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Posts tagged with "Drug Development"

  • Analytical Chemistry

    The Entropic Term is Laughing At Us

    There are plenty of things to optimize in a med-chem project other than binding affinity. But if you don’t have at least some level of binding, you may not have a med-chem project. And while from the outside, you might think that understanding how and why compound A binds to a given target while compound… Read More
  • Cancer

    Why Not Target DNA? Well. . .

    There are all sorts of small-molecule drugs that bind to protein targets. Active sites of enzymes are, of course, a big subset of those, but there are plenty of enzymes whose allosteric sites are known to host synthetic ligands as well. Membrane receptor and ion channel proteins get both of those mechanisms too, and then… Read More
  • Drug Development

    AI Will Not Threaten Pharma Patents – Not This Way

    I’d class this letter to Nature as “interesting but wrong”. Here’s the argument: . . .A patent is granted only when a compound’s application can be classified as both ‘new’ and ‘invented’. A highly effective compound thrown up by an AI algorithm could indeed be new. Whether it is ‘invented’, however, is debatab… Read More
  • Analytical Chemistry

    Looking Way Down Into the Cells

    Pharmacokinetics – the study of how drugs are taken up, distributed, metabolized, and cleared – is obviously a key part of drug development. Every drug substance gets handled somewhat differently by the human body, and these differences can completely determine whether you’ve got an effective therapy or not. But the tools we have… Read More
  • Clinical Trials

    Gene Therapy for Duchenne

    I have said unkind things about Sarepta’s drug for Duchenne muscular dystrophy, Exondys (eteplirsen). That’s because I did not think that there was enough information to approve it at the FDA, and I had trouble believing that its biochemical effects were enough to be meaningful in general. I have no reason to modify those opinions… Read More
  • Drug Development

    How to Be a Good Medicinal Chemist

    Longtime medicinal chemist Mark Murcko has a Perspective article out in J. Med. Chem. on “What Makes a Great Medicinal Chemist“. As he makes clear from the beginning, if you’ve been doing this stuff for a while, you’ve likely heard many of these recommendations before. But it’s useful for people starting out, and it… Read More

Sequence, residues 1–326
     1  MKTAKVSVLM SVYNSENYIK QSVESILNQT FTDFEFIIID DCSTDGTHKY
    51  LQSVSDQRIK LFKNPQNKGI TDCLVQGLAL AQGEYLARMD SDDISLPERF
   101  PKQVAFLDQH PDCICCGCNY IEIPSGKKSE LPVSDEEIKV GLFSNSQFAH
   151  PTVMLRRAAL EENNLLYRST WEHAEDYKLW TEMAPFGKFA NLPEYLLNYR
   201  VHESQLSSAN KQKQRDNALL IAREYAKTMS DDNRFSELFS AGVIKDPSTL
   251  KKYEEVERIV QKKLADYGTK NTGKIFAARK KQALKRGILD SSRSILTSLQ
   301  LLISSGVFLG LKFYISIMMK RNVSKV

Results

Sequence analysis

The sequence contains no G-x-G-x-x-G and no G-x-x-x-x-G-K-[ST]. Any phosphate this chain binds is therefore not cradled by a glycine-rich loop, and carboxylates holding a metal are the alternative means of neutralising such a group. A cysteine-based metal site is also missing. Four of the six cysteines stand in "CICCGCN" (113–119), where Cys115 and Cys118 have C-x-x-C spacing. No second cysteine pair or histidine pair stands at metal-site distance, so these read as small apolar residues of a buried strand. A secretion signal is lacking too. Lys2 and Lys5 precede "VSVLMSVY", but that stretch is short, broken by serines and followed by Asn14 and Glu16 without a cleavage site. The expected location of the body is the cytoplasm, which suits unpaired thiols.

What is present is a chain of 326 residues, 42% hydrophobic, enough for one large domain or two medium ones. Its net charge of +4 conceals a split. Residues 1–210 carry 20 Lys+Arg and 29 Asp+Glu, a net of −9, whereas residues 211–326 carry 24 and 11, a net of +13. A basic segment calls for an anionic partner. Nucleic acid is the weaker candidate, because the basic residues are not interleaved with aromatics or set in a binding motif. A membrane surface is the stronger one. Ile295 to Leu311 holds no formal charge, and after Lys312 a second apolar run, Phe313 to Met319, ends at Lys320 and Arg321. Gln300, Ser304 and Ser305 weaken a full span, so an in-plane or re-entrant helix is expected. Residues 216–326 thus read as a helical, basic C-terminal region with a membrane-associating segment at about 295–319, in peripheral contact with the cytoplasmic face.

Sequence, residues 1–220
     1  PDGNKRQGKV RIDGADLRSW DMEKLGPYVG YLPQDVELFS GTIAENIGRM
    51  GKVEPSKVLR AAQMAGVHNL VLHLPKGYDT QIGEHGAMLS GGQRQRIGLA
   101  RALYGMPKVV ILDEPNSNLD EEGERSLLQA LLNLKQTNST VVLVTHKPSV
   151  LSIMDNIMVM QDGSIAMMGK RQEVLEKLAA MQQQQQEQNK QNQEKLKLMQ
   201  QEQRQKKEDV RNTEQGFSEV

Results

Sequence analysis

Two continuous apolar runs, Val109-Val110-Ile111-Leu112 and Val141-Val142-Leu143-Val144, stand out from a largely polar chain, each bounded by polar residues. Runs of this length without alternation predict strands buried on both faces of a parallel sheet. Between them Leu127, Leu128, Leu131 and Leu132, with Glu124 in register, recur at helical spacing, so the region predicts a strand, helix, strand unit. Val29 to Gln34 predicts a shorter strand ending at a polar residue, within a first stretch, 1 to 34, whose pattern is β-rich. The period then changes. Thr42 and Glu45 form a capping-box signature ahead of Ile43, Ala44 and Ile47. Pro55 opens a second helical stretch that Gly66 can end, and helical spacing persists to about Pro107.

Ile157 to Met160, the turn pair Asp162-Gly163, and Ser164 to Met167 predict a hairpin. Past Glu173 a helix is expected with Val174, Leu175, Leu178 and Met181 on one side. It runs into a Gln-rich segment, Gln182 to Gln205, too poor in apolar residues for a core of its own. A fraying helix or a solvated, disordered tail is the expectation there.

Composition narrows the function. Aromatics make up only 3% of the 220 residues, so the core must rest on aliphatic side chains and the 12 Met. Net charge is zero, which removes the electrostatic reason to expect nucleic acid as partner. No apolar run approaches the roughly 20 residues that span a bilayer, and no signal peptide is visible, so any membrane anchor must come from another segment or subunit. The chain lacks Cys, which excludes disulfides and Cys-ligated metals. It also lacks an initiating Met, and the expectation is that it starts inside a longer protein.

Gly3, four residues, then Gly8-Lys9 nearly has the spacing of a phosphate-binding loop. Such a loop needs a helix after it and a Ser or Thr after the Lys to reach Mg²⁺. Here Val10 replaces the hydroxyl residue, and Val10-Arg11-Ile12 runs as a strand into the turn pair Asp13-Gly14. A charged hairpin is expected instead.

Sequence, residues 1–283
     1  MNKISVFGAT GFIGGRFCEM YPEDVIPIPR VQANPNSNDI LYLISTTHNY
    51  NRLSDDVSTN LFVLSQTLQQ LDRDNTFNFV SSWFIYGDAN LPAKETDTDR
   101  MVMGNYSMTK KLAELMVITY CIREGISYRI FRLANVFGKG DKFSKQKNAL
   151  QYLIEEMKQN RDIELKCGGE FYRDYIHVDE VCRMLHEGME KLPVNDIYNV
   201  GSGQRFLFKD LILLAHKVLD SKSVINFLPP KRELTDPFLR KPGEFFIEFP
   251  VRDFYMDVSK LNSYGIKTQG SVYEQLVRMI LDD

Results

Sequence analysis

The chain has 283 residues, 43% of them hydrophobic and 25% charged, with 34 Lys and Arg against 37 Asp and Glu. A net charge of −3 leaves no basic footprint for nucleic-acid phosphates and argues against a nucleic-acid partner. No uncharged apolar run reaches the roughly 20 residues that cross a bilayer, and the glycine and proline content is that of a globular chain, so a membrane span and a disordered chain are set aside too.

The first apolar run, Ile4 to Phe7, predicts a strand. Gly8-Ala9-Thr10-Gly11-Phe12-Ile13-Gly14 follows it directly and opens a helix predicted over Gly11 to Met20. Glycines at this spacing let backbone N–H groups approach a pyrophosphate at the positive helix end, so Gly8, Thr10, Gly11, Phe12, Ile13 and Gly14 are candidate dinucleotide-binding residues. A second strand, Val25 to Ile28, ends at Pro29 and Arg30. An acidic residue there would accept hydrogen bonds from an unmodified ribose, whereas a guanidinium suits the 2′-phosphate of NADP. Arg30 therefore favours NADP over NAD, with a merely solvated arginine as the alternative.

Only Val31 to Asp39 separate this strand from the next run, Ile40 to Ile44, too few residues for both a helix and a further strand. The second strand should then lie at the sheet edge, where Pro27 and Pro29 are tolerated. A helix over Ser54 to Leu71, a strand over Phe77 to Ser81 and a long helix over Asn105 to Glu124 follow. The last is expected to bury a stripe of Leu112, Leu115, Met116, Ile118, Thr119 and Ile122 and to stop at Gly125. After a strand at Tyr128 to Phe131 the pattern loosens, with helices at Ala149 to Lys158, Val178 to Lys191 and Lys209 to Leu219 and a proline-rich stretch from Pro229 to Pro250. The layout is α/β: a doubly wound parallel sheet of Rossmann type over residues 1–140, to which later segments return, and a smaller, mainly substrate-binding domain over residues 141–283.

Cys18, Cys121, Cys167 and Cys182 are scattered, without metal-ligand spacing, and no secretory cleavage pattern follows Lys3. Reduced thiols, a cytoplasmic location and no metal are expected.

• Drug Assays

    Pharmacokinetic Advice From Genentech

    Here’s another solid pharmacokinetics paper, this one from Genentech, with advice on how to extend drug half-life (compare this other recent one). They’re specifically addressing the “make it less lipophilic” rule of thumb that many medicinal chemists have, and they demonstrate that this isn’t exactly a universal law.… Read More
  • Cancer

    Cancer Sequencing Hype And Reality

    This piece in Science says something that needs to be said louder and more publicly. If you live in the US, you’ve surely seen various cancer treatment centers talking about their personalized therapy plans, and especially how they’ll tailor things to your DNA sequence and so on. You would get the impression that we have… Read More
  • Drug Development

    BenevolentAI: Worth Two Billion?

    Regular readers will know that I have no problem believing that AI (in its various forms) will definitely have an impact on drug discovery. And regular readers will also know that I’m quite skeptical that it’s going to have an immediate impact on the high-level functions of drug discovery (what target to go after, what… Read More
  • Drug Assays

    Pharmacokinetic Advice from Merck’s Collection

    Here’s a solid med-chem paper from Merck on the topic of extending half-life for small-molecule drugs. This obviously is most important (and can have the biggest effect) if your compound has a short half-life after dosing to begin with (and plenty of compounds do). As the paper notes, if you have constant clearance for the… Read More
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